’Tis the season to be jolly, right? Absolutely, but it’s also the season to carry longer to-do lists, plan parties, go to parties, bake cookies, and shop around the clock. Keeping your cool can feel impossible. “When we pack on all the additional requirements of the holidays, that’s what drives us insane,” says Dawn Groves, Iyengar instructor and author of Stress Reduction for Busy People. This year, instead of powering through the season with a nose-to-the-grindstone approach, follow our easy tips and find out why some call this the most wonderful time of the year.
Survival Tip #1 Have a plan
Works Best At the mall, in traffic, at the airport, at the grocery store
“Your plan will give your mind and body something to do when stressors hit, so you’re not helpless,” Groves says. Before entering a crowded mall, setting out on a busy road, or navigating the jammed aisles of the superfoodmart, remember your plan. For example, say, “This season, whenever I get anxious, I am going to exhale.” Then, when the situation hits, take three or four deep breaths from low in your belly, exhaling twice as long as the inhale. Inhaling drives a fresh supply of oxygen to your frenzied brain, while exhaling calms the nervous system, Groves says. If you’re waiting in line with kids, they’re getting antsy, too, so include them in this exercise. Tell them to inhale for a count of three and let out a big, audible sigh together.
Survival Tip #2 Do a small, simple thing
Works best: When you wake up or before you go to bed
During this hectic time when you need yoga most, chances are you’re doing it the least. Still, you can use this month to start healthy habits and help your practice grow, Groves says. “Set your mind to do something wholesome during this time you often feel out of control.” Keep it simple, Groves says, by spending 10 minutes Monday through Friday with your “tush on the cush” or practicing two yoga postures. You can always increase it, scale it back, or incorporate strategies like using music or meditating in the bathtub. “Doing this one small thing is going to make a difference in how we roll through the season. Come January 1, you will forget about all the time you waited in lines, but you will remember these small things you did consistently that had an enormous benefit.”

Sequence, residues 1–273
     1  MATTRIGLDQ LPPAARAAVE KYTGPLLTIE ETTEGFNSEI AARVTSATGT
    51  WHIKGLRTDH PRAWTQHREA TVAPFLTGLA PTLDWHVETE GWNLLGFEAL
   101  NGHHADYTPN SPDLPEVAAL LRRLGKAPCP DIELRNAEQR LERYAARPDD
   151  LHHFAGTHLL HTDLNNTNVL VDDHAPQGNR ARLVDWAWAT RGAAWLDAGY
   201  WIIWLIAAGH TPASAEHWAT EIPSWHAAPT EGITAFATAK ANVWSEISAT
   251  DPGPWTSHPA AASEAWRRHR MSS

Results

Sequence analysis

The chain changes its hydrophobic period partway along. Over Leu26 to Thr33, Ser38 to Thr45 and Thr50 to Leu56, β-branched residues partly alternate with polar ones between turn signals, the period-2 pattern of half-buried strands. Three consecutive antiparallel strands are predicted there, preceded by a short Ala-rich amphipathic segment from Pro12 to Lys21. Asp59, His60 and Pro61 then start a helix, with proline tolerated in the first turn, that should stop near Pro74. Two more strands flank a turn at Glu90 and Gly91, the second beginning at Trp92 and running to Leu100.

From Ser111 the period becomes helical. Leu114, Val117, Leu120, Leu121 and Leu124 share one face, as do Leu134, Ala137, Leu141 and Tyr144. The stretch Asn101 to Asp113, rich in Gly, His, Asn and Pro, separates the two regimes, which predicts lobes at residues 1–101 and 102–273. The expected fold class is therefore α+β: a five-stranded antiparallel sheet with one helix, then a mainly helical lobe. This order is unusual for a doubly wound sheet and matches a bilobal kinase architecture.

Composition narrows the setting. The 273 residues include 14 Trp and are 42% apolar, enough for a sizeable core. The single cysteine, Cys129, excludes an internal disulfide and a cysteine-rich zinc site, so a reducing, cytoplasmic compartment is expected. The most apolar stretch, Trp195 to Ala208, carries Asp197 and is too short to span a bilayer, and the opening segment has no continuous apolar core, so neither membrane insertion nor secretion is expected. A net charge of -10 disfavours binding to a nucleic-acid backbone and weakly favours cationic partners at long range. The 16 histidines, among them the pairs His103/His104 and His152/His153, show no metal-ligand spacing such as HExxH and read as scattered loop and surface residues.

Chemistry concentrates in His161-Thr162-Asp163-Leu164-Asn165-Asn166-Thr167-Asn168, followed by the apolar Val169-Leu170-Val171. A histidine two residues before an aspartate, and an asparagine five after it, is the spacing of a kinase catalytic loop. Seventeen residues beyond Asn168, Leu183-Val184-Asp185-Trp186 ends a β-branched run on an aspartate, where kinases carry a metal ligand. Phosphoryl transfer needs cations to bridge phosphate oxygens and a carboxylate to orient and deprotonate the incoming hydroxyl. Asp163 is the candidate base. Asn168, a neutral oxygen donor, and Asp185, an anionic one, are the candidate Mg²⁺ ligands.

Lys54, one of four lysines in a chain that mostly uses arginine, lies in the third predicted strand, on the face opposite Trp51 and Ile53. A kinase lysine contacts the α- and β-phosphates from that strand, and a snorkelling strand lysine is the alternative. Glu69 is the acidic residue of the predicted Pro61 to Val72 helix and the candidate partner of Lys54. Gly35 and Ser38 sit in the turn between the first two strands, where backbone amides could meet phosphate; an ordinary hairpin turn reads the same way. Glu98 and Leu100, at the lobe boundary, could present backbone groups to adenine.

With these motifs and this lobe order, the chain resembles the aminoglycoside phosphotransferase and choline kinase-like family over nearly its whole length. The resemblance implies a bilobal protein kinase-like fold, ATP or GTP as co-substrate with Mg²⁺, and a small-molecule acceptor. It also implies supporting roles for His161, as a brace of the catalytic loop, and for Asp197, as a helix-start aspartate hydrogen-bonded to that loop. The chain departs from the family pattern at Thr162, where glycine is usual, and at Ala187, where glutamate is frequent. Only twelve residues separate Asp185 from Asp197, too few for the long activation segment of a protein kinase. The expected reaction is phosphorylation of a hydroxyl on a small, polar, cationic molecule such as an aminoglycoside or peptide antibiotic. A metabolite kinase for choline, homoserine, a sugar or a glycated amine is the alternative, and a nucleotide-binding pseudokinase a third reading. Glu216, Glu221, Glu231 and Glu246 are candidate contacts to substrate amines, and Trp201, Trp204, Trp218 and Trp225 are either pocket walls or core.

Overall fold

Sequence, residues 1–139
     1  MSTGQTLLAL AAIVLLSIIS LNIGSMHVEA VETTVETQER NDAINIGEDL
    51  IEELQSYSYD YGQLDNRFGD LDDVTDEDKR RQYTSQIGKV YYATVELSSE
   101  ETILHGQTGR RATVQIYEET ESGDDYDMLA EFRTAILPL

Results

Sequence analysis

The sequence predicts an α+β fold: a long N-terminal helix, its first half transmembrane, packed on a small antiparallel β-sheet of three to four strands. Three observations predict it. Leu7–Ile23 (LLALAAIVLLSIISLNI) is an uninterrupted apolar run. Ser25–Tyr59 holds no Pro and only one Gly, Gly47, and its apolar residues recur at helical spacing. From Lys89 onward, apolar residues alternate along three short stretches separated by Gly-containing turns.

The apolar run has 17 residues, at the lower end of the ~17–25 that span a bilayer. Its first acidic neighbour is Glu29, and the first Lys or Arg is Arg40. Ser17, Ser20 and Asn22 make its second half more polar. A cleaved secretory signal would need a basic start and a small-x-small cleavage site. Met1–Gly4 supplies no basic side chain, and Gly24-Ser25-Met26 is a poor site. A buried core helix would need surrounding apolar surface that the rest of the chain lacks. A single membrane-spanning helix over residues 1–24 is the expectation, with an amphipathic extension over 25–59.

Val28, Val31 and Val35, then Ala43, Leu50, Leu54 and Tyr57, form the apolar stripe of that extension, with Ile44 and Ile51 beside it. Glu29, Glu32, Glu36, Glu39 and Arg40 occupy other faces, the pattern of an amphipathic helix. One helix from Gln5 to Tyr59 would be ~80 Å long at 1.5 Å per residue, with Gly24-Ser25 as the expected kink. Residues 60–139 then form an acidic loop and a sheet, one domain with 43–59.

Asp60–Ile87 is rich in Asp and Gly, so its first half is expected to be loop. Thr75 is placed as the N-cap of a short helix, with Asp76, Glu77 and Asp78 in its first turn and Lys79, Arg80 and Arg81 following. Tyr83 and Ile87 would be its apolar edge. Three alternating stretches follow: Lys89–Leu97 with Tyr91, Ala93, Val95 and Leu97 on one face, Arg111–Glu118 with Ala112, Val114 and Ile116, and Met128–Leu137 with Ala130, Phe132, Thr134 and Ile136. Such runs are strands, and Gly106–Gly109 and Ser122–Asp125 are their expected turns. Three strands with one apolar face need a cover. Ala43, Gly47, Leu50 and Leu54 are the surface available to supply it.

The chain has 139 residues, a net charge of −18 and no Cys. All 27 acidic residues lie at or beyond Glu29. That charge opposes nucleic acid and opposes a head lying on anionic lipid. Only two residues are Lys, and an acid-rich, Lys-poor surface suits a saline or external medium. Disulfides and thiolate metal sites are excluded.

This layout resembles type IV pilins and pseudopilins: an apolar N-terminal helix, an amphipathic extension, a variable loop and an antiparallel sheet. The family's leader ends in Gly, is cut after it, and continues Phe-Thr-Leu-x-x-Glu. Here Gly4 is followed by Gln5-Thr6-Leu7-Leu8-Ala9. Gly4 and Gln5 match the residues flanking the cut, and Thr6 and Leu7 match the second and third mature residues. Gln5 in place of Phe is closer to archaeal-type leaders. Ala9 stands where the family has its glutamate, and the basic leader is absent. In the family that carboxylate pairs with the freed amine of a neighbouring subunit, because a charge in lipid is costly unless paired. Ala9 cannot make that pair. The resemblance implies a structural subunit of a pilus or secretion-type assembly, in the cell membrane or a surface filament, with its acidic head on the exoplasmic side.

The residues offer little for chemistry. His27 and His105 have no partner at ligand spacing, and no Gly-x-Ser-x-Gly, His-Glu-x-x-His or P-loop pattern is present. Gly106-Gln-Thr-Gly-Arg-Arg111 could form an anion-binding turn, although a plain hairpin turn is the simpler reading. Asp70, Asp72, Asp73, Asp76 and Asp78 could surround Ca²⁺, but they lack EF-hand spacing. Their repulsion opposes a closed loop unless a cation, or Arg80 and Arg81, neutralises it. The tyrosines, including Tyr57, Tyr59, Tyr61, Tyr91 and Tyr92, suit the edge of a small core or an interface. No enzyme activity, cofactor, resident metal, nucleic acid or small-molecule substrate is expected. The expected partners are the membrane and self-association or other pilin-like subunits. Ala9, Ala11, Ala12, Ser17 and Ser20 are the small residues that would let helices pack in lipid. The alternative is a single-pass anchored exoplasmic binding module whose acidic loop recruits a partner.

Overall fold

Survival Tip #3 Perfect your posture
Works Best Standing in line at the mall, airport, or grocery store
“Our bodies maintain so much anxiety, it’s hard to release our minds without loosening our bodies,” Groves says. Instead of scanning those $500 Stuart Weitzman ankle boots while waiting in line, scan your body. Here’s how:
1. Stand with feet hip-distance apart, toes pointing forward, and micro-bend the knees.
2. Extend spine by lengthening from tailbone through crown of head, slightly tucking pelvis, and keeping chin parallel to floor.
3. Shift your weight from one foot to the other until you feel evenly balanced on both feet. Roll your shoulders up to the ears, then back and down.
4. Place one hand on lower back and feel the natural curve of the spine. Breathe.
“Paying attention to your body takes your mind off the got-to-go-got-to-get energy of waiting in line,” Groves says. “You’re not going to check out any faster if you’re huffing and puffing than if you’re breathing and feeling the alignment of your body, so you may as well relax and learn how to be in a hurried situation in an unhurried manner.”
Survival Tip #4 Meditate any time, anywhere
Works best At the mall, airport, or when you’ve got a full house
“The mind thinks an average of 10,000 to 20,000 thoughts per day, but the anxious mind triples that number,” says Kellye Davis, author of The Bliss Principle: 5 Easy Ways to Reduce Stress. If you’re at the far end of that spectrum, start practicing Dharanas, where the mind focuses on one thing. “Dharanas are centering techniques that use situations in everyday life to reach a state of blissfulness or calmness,” Davis says. Use these mini meditations (1 to 3 minutes) whenever you need them. Try these three:
1. Open-eyed meditation
Find a seat. Look down at people’s feet as they walk by. Breathe deeply and evenly in and out through the nose as you focus on feet passing, allowing your mind to fall still during that moment. “It’s the movement outside of you and the stillness inside that quiets your mind,” Davis says.
2. Close-eyed meditation
Sitting down, close your eyes and focus on the color blue. Imagine a blue wave in the ocean rising and falling with the rise and fall of your breath. “In color therapy, blue soothes the emotions,” Davis says. And, recent scientific research says it lowers blood pressure, too.
3. Sound meditation
With your eyes closed, tune in to all the noises around you—people talking, babies crying, music blasting—until it becomes one buzzing sound of activity. “Allow yourself to fall into the sounds until they become a resting point for your mind,” Davis says.